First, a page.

Resistance in times of crisis: The African Union’s opposition to foreign intervention

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In recent months the world has seen some significant changes. These have been inspired in large part by the overthrowing of former President Ben Ali in Tunisia, an event which triggered similar uprisings against the regimes of numerous countries in the Middle East and North Africa. Of these, two that stand out are Egypt and Libya. In Egypt, unrelenting protests led to President Hosni Mubarak’s resignation. In Libya, however, protests were met with violence threatening civil war between Muammar Gaddafi’s forces and rebels who opposed him.

At this point, the African Union (AU) began to play a mediating role In Libya, advocating a cease-fire but opposing foreign intervention. At the same time, the international community was considering its response, which ultimately resulted in a no-fly zone implemented and enforced by Britain, France and the United States. Since then, NATO has been given the responsibility of enforcing the no-fly zone in accordance with a corresponding United Nations Security Council resolution. This CAI discussion paper looks closely at the AU and its opposition to foreign intervention on the African Continent.

 

The crisis in Libya

Inspired by the ousting of Ben Ali in Tunisia and Hosni Mubarak in Egypt, protests dubbed the “Day of Anger” were planned in Libya for mid-February 2011 to oppose the 41 year rule of Muammar Gaddafi. When the day arrived, violent clashes between protesters and government forces resulted in the deaths of at least 19 protesters.(2) In the days that followed, protest action continued and was met with an even more violent government response. This sparked an organized rebel movement against Gaddafi’s regime, threatening to plunge Libya into civil war. The conflict has only worsened in the weeks since, with both sides making gains and conceding loses: essentially a stalemate.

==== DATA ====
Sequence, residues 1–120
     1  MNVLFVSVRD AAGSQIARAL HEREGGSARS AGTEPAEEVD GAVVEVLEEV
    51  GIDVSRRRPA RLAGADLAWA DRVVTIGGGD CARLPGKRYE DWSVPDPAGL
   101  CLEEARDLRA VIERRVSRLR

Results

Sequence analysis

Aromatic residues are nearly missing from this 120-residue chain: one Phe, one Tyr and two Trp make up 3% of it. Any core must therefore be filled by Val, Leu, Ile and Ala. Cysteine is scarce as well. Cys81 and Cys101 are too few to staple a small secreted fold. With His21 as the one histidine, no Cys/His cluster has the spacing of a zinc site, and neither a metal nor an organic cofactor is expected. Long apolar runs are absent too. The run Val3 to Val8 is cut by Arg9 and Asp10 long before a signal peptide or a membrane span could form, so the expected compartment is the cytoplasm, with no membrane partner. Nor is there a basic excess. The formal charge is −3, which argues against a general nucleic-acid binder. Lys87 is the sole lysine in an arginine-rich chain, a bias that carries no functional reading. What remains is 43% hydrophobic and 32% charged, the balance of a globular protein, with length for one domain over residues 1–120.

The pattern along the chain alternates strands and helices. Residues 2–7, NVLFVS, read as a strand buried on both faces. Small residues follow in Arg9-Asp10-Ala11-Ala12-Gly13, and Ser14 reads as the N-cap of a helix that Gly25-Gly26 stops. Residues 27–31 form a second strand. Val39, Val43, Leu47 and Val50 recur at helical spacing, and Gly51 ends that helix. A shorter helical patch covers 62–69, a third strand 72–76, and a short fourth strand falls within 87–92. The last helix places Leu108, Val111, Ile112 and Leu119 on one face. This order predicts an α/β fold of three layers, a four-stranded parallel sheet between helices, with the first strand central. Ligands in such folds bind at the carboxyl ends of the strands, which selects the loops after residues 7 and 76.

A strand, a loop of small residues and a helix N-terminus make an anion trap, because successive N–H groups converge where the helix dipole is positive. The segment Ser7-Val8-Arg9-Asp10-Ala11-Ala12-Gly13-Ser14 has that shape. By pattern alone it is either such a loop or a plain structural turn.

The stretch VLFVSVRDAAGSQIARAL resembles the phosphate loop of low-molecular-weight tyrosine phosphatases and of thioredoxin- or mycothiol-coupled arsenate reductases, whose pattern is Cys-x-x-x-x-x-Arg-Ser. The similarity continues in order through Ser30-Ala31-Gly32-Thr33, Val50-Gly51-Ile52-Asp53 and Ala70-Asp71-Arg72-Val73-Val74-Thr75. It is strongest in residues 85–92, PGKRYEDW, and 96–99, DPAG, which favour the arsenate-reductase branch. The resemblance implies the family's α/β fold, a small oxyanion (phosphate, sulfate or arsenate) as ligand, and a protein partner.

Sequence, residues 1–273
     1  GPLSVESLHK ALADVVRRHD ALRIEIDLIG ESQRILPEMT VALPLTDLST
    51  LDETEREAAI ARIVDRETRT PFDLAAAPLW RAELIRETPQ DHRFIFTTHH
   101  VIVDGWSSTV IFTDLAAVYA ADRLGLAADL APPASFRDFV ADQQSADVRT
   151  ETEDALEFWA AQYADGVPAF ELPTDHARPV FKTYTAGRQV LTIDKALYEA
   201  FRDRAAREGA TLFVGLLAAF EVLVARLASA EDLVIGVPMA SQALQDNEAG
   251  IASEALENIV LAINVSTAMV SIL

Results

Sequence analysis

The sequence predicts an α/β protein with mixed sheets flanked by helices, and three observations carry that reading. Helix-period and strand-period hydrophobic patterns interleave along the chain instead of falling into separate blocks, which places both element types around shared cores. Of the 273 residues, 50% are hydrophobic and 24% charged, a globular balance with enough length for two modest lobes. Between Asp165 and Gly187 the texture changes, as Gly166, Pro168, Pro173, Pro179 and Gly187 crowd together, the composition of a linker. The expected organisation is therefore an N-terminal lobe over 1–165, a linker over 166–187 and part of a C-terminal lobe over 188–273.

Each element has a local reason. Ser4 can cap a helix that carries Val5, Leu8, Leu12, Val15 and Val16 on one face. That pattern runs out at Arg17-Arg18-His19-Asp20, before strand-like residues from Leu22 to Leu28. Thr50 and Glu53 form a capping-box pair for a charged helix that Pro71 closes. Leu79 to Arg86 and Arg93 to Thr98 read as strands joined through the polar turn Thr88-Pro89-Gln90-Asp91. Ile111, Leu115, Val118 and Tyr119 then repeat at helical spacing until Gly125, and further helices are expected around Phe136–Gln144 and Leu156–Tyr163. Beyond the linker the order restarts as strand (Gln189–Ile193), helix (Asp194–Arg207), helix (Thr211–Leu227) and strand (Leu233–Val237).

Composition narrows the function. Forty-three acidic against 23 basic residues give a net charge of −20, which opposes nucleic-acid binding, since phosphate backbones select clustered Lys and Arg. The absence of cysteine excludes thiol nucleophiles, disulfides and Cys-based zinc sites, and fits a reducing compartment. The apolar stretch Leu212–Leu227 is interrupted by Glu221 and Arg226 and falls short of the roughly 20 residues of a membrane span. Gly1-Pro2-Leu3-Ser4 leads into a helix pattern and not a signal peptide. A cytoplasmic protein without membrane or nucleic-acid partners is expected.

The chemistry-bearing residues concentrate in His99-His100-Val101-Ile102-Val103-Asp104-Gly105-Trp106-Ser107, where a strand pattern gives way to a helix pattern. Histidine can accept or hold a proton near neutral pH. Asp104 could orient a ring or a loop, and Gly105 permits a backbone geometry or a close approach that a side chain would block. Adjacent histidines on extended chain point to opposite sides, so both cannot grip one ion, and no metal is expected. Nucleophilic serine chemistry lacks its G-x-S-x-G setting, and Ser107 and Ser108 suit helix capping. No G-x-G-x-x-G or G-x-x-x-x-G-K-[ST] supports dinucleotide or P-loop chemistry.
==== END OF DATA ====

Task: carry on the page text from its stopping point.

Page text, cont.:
Where is the AU?

As this violence raged, the response of the AU was somewhat muted with the AU encouraging peaceful dialogue between all the parties involved. An unexpected response came from Gambian President Yahya Jammeh who criticized the African Union for what he called an “unacceptable silence” furthermore calling for Libya’s Gaddafi to step down immediately. In a statement he read on national television, Jammeh added that “It is a shocking reality that in all the happenings, beginning with the crisis in Tunisia, to that in Egypt, and now Libya and countries in North Africa, the leadership of the AU neither made a statement nor took action despite the fact that these were uprisings affecting member states.”(3)

Jammeh continued, “If the AU cannot stop the carnage taking place in some of its member states, then it cannot be in a position to bring a continental government capable of lifting Africa out of abject poverty and underdevelopment. Whether Black or Arab Africa, we are all Africans without discrimination.”(4) This indicates that Jammeh not only expects the AU to speak out against African leaders but he also expects the AU to intervene and resolve the crises directly.

 

The response of the international community

As clashes in Libya intensified, the international community first condemned the violence against demonstrators and then under the leadership of British Prime Minister David Cameron, French President Nicholas Sarkozy, Italian Prime Minister Silvio Burlesconi, and US President Barack Obama put in place both economic sanctions and a military-imposed-no-fly-zone. The United Nations Security Council (UNSC) on 18 March 2011 stated that the UN is able to take “all necessary measures…..to protect civilians and civilian populated areas under threat of attack in the Libyan Arab Jamahiriya, including Benghazi, while excluding a foreign occupation force,” – adding that the UNSC condemns the “gross and systematic violation of human rights, including arbitrary detentions, enforced disappearances, torture and summary executions.”(5) With this move, the AU was driven to act and take its own steps to influence the situation.

 

The AU makes its move

Formed in 2000, with the aim of developing and integrating Africa, the AU aims to assist Africa to transform into a prosperous and stable continent commanding more respect on the international stage. According to the AU’s Constitutive Act, it strives for economic, social and political integration, as well as the promotion of peace and security on the conflict torn continent, using its “right and power to intervene in the internal affairs of its member states in grave circumstances, such as war crimes, genocide and crimes against humanity. It is tasked with ensuring respect for democratic principles, human rights, the rule of law and good governance.”(6) Yet in its 11 years of existence, the AU has been regularly criticised for its performance in achieving these objectives.(7)

Confronted with the crisis in Libya, the AU’s Peace and Security Council appointed a panel to review the situation, and did not come to the same conclusion as the Arab League and the Western allies who supported the no-fly zone. The panel, named by the AU Commissioner for Peace and Security, Ramtane Lamamra, expressed the AU’s valuation of the aspirations of the Libyan people, that their country reform into a democracy emphasizing “justice, peace and security as well as economic and social development.”(8) This respect for democracy mirrors some of the fundamental parts of the African Union’s founding documents.